Ladies and gentlemen, I present to you the one and only reason why you don't release a Pro Bowl receiver in the prime of his career...
Maclin down, grabbing his knee. Place is suddenly dead silent.— Jimmy Kempski (@JimmyKempski) June 2, 2014
Now, turns out Jeremy Maclin was OK. At least that's what he told Jeff McLane of The Philadelphia Inquirer. But the point is that at any given moment, a ligament can tear or a bone can break. Maclin knows that all too well, since he has twice torn his ACL.
And even though Maclin is less than a year removed from the latest tear, the Eagles felt comfortable enough with him, potential one-year wonder Riley Cooper and the rest of an unproven receiving corps to cut DeSean Jackson after a 1,332-yard, nine-touchdown season.
The Eagles probably figured they could get away with such a move because they had plenty of depth in the receiving corps prior to that development. Plus, the draft was loaded with quality receivers, two of whom were selected by Howie Roseman and Co. on Day 2 at Radio City Music Hall.
But injuries have to be factored in here. They're so ubiquitous in this sport that you'd be crazy not to, because it requires only a touch of bad luck for a position of strength and depth to become an Achilles' heel.
Maclin's knee is always at risk of being re-injured, but even if he stays healthy there's a chance he'll be limited for all or parts of the 2014 campaign. And second-round rookie wideout Jordan Matthews has already missed some time at organized team activities due to a hamstring injury, according to CSN Philly's Geoff Mosher.
So the Eagles are pushing their luck. The smarties at Football Outsiders have developed a cool metric in order to quantify how much teams are affected by injuries. The whole thing—AGL, or adjusted games lost—is based on two principles:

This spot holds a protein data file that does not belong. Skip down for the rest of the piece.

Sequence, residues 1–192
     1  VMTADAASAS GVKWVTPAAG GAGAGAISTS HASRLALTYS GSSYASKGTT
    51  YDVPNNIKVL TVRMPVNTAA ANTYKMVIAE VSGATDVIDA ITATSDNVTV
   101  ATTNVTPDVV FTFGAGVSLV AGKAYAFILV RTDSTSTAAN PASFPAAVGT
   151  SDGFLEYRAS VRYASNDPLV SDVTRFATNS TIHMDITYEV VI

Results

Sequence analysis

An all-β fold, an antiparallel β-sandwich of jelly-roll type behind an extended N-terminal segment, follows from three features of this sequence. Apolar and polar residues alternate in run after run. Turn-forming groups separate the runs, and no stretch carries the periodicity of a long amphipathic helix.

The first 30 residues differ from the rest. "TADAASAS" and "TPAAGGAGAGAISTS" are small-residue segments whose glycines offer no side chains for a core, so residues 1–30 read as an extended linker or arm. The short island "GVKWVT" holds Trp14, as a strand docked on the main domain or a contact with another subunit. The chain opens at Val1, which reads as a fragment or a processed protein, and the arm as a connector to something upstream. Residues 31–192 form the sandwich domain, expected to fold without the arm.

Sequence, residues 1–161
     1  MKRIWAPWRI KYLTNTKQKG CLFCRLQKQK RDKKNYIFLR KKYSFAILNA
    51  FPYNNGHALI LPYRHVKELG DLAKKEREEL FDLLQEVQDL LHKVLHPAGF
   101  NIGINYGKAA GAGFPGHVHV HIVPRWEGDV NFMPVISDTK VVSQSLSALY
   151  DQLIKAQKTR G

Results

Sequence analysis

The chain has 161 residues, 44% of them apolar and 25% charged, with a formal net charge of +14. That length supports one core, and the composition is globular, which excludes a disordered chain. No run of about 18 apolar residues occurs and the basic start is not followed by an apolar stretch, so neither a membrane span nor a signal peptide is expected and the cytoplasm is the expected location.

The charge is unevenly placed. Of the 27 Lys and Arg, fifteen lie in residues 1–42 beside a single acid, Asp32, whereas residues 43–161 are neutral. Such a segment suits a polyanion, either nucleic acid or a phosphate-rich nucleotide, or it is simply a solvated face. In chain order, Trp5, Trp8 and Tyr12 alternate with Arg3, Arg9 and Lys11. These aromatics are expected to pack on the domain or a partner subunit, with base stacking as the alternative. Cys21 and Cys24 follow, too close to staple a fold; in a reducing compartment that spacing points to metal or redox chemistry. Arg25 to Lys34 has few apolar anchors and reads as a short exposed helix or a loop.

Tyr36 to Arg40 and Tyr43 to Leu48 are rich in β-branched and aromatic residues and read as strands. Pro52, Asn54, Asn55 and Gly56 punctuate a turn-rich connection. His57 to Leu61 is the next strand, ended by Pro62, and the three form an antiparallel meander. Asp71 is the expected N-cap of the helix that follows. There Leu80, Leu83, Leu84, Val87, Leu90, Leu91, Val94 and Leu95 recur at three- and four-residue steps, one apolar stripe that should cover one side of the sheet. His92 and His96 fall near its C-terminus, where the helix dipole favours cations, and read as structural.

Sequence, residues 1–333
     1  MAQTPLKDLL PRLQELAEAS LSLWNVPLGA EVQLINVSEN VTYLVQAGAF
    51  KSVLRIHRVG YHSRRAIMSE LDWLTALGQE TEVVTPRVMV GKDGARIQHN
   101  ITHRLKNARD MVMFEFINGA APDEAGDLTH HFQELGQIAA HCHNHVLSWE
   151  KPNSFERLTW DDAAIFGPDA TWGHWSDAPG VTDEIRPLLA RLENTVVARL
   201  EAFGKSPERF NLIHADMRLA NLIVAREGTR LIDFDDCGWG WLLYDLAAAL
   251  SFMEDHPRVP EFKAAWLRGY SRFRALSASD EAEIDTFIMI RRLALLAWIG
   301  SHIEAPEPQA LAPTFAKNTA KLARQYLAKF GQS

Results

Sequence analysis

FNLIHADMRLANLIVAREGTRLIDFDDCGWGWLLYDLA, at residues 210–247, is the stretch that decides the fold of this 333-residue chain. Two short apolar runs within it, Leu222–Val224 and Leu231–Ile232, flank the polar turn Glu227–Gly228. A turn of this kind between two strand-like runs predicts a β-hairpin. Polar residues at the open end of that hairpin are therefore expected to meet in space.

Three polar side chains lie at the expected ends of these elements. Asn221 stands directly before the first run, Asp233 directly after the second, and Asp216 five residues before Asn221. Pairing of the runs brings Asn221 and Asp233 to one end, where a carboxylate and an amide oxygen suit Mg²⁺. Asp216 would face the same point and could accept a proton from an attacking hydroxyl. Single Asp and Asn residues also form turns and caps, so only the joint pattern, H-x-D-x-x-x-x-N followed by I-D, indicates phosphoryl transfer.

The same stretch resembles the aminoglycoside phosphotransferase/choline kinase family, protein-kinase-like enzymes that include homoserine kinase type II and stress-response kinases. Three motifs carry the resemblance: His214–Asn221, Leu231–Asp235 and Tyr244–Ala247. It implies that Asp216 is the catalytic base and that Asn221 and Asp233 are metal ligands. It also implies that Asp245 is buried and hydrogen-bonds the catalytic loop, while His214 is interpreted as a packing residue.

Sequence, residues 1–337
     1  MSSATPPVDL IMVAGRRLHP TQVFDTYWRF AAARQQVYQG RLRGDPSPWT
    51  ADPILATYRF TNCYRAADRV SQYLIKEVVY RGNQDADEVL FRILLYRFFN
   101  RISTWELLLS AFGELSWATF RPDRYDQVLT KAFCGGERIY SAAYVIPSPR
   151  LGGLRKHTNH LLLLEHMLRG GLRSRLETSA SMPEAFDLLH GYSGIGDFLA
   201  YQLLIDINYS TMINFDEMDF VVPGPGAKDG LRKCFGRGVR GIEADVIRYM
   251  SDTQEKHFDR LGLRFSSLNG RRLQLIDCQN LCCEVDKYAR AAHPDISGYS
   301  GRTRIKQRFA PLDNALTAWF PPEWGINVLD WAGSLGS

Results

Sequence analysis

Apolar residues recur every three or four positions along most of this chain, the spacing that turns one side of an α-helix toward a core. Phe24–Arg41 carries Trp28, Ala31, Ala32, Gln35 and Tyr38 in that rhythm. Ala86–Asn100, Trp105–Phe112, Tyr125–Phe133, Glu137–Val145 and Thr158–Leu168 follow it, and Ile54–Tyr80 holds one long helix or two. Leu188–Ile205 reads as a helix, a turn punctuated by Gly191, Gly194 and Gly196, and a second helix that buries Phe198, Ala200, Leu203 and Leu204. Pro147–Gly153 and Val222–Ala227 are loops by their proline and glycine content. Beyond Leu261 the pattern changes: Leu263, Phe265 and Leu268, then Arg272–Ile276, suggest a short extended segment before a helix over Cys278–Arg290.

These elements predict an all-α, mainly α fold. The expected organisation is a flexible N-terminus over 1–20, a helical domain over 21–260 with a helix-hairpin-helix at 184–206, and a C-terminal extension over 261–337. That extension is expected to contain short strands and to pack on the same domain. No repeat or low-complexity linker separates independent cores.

(1) Injuries to starters, injury replacements and important situational reserves matter more than injuries to bench warmers; and (2) Injured players who do take the field are usually playing with reduced ability, which is why Adjusted Games Lost is based not strictly on whether the player is active for the game or not, but instead is based on the player's listed status that week (IR/PUP, out, doubtful, questionable or probable).
What they determined this past year was that the Eagles were the second-healthiest team in the NFL, and the healthiest in the NFC by a huge margin.
|Team||Adjusted games lost||Starter games lost|
|1. Kansas City Chiefs||27.6||22|
|2. Philadelphia Eagles||33.6||29|
|3. Cincinnati Bengals||43.4||40|
|4. Washington Redskins||43.9||22|
|5. Cleveland Browns||44.4||35|
Football Outsiders/Dallas Morning News
Maclin was the only starter to land on injured reserve, and aside from that only 13 games were missed all year by Philly starters, according to Rick Gosselin of The Dallas Morning News. One year prior to that, 63 starters games were lost due to injury, which ranked above the league average.
Because that number dipped so low and because injuries are mostly random, the sheer odds are in favor of more Eagles players getting hurt this season.
I know Chip Kelly has embraced sports science in a special way, and that could be a big reason for why this team has been so healthy since he was hired. But in this violent game, nobody is immune.
Nick Foles is preparing to be a Week 1 starter for the first time since he was in college. The 25-year-old shocked the league last year, but he won't be sneaking up on opposing defenses this time around. That's why the Eagles have to give Foles as much support as possible.
Losing Jackson was already costly, but now this team is one bad break away from an offensive emergency.